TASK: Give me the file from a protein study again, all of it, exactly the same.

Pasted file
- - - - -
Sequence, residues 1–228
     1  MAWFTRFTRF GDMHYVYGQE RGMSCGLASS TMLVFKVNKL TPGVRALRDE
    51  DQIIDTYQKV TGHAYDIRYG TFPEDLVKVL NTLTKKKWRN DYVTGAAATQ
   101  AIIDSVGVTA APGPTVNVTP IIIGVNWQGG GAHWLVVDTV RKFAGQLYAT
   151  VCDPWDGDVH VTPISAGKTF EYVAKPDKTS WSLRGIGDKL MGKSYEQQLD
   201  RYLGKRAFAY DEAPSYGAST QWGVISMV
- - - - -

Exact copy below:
Sequence, residues 1–228
     1  MAWFTRFTRF GDMHYVYGQE RGMSCGLASS TMLVFKVNKL TPGVRALRDE
    51  DQIIDTYQKV TGHAYDIRYG TFPEDLVKVL NTLTKKKWRN DYVTGAAATQ
   101  AIIDSVGVTA APGPTVNVTP IIIGVNWQGG GAHWLVVDTV RKFAGQLYAT
   151  VCDPWDGDVH VTPISAGKTF EYVAKPDKTS WSLRGIGDKL MGKSYEQQLD
   201  RYLGKRAFAY DEAPSYGAST QWGVISMV